Apple published its Q1 2016 results after the bell last night. The Cupertino-based tech company posted a record quarterly revenue of $75.9 billion and record quarterly net income of $18.4 billion. The firm's gross margin was 40.1 per cent and international sales accounted for a third of revenue generated. Apple's Q1 2016 financial period covers the three months ending 26th December 2015 - its Christmas, or 'holiday' sales.
CEO Tim Cook was positive about the record his company had achieved. "Our team delivered Apple's biggest quarter ever, thanks to the world’s most innovative products and all-time record sales of iPhone, Apple Watch and Apple TV," he enthused. "The growth of our Services business accelerated during the quarter to produce record results, and our installed base recently crossed a major milestone of one billion active devices." A billion active devices is indeed a milestone, but what is this talk about service growth rather than about the iconic hardware; the iPhone, iPad and Mac computer range? Well, it is only 'Services' (and its vaguely specified 'other products') that provided anything but negligible growth year-on-year.
If you download the PDF data summary of the results, the key numbers, you will see a single page as embedded above. Apple's signature hardware ranges look to be having a tough time. Looking at year-on-year changes in shipments, the usual star performer has stalled, with zero per cent growth, the iPad continues to merrily ski down the demand slope - obviously not hindered by the iPad Pro, and the Mac, often seen as a bright spot in the 'PC Industry' has also slipped by a few percent.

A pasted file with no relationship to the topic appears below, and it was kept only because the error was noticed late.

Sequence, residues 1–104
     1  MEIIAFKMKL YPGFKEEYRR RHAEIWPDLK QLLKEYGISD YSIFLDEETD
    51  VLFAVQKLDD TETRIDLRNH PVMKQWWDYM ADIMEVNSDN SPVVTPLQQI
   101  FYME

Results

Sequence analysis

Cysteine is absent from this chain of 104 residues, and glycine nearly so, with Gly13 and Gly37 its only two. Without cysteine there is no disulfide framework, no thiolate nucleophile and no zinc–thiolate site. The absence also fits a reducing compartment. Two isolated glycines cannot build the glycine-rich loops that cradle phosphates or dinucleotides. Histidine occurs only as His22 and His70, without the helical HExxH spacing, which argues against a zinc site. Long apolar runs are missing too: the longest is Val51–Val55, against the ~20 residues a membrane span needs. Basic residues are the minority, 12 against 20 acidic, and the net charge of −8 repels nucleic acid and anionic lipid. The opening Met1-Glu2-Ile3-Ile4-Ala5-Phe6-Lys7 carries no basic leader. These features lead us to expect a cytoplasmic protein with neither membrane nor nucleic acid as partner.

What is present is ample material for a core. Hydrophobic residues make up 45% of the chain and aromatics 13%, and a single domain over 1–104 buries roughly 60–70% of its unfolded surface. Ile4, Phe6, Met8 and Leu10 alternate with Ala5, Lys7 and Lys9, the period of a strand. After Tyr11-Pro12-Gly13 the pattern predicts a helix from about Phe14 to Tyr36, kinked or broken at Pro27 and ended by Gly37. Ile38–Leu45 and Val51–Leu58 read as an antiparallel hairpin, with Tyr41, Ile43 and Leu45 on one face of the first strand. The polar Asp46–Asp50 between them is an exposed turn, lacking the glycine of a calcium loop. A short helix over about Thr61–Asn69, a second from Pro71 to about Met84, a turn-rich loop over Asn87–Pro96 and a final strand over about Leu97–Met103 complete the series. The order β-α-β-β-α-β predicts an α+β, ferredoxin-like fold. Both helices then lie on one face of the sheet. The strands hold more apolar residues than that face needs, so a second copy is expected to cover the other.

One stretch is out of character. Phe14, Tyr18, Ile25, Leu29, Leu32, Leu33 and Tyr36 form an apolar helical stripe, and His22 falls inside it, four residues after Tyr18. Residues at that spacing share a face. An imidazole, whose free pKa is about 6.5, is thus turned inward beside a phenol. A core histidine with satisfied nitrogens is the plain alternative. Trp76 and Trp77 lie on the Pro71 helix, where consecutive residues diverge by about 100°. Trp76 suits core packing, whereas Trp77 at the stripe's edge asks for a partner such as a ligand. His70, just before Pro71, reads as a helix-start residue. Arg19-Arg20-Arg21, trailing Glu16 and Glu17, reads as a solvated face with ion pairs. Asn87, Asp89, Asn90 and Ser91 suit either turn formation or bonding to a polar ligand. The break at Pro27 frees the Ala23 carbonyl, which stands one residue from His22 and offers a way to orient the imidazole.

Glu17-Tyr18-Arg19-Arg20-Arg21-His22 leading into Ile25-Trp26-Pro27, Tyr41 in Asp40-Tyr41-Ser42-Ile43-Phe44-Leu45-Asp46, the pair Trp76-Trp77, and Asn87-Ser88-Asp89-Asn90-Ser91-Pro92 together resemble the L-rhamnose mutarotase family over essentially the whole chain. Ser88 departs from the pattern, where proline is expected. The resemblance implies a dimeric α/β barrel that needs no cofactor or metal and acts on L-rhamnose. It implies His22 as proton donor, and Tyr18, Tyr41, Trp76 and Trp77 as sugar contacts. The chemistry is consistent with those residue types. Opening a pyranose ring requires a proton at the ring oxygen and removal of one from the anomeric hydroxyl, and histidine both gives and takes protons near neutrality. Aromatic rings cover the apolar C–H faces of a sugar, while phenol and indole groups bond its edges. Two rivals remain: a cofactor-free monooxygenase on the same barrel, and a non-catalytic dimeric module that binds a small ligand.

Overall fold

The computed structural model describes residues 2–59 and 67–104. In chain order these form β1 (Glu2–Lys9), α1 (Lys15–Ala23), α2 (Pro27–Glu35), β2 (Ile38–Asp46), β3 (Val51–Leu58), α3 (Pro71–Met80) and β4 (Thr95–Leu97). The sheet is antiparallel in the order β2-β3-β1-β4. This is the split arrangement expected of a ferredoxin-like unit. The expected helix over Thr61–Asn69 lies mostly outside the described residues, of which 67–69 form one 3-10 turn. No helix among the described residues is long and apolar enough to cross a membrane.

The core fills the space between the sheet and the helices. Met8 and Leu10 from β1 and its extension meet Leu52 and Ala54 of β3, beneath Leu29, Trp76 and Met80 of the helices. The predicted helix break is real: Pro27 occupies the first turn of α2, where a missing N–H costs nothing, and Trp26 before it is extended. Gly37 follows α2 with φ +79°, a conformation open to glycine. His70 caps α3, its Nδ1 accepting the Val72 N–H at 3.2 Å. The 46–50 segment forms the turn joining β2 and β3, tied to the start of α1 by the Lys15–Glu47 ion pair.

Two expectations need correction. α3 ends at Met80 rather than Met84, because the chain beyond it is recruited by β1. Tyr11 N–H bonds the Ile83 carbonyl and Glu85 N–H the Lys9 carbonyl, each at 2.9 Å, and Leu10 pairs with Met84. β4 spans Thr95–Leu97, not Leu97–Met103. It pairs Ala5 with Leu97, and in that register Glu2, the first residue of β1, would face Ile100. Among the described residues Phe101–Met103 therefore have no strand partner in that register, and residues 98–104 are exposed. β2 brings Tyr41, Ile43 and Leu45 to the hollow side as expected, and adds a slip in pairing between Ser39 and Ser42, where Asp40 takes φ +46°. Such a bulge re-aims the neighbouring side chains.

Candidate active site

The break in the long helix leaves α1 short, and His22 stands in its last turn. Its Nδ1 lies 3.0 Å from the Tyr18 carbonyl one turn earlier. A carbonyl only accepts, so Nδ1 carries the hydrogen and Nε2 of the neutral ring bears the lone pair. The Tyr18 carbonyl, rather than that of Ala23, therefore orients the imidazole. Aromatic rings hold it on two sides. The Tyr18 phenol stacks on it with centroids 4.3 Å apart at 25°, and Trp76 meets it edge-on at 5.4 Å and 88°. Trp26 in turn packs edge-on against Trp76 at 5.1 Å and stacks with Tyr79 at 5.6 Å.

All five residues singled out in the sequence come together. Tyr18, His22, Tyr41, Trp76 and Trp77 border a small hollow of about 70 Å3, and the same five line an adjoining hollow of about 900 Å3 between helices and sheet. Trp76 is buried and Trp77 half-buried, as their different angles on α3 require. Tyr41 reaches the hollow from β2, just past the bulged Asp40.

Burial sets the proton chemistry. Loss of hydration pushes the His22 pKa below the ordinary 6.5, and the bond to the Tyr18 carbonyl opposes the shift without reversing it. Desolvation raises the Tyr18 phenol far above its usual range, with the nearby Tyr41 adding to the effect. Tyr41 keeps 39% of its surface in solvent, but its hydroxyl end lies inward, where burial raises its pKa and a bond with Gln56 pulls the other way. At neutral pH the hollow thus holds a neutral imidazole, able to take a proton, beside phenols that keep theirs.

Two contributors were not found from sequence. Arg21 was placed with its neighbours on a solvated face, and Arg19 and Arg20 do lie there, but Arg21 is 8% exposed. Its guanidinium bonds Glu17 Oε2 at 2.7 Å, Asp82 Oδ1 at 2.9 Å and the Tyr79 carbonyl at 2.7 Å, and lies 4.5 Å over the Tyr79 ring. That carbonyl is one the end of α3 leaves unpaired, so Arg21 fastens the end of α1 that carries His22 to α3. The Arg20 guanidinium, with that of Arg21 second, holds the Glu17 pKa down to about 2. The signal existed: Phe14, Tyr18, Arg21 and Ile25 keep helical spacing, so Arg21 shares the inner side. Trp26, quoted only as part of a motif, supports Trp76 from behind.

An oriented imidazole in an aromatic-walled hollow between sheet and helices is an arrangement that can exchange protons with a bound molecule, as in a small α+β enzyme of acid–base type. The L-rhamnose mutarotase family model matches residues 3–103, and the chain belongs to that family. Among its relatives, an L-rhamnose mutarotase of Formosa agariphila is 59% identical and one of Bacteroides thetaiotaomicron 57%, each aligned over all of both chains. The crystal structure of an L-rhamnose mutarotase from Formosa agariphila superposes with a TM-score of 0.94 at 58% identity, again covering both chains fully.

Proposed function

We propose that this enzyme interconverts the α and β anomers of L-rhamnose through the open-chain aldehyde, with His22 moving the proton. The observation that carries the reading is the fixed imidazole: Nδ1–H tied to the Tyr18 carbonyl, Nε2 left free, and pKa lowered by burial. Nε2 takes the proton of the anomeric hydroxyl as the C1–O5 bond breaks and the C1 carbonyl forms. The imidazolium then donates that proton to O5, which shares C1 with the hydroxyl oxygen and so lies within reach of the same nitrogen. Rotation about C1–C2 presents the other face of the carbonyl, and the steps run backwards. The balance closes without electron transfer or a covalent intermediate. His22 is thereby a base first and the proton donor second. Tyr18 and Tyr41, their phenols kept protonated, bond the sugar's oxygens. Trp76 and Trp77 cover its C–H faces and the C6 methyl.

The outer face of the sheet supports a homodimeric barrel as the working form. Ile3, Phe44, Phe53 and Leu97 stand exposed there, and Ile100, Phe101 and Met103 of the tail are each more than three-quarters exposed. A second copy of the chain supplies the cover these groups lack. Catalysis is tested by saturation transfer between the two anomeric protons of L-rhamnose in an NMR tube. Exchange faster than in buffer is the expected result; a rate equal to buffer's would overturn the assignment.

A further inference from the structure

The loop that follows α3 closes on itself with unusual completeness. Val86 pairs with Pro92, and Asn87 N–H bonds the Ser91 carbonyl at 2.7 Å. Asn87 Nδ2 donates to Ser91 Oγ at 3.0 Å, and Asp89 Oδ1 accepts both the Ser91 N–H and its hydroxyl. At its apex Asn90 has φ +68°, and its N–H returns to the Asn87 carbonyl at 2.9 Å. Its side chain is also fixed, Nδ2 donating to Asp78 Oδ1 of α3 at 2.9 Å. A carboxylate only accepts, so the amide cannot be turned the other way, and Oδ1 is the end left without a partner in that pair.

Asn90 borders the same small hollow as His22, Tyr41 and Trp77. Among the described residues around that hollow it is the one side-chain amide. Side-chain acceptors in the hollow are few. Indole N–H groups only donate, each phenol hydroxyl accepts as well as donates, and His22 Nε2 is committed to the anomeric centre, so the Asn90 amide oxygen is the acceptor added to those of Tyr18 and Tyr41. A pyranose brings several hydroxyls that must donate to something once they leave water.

Joining the services segment, propping it up to achieve its record results this time around Apple's 'other products' have helpfully added to the bottom line. These include the Apple TV, Apple Watch, Beats products, iPod and Apple-branded and third-party accessories.
Finally, Apple's revenue forecasts for Q2 2016 would, if they pan out, mark the first year-on-year decline since 2003. Apple needs to get a new killer product out there in the coming year instead of relying upon gradual iterations of products that have reached, or passed, their peak. The rumoured Apple iPhone 5se looks like a minor product, so it may be up to the Apple Car to autonomously steer the company back to relentless increasing revenues. But when will we see Apple, and other tech giants, start to sell their tech-laden cars?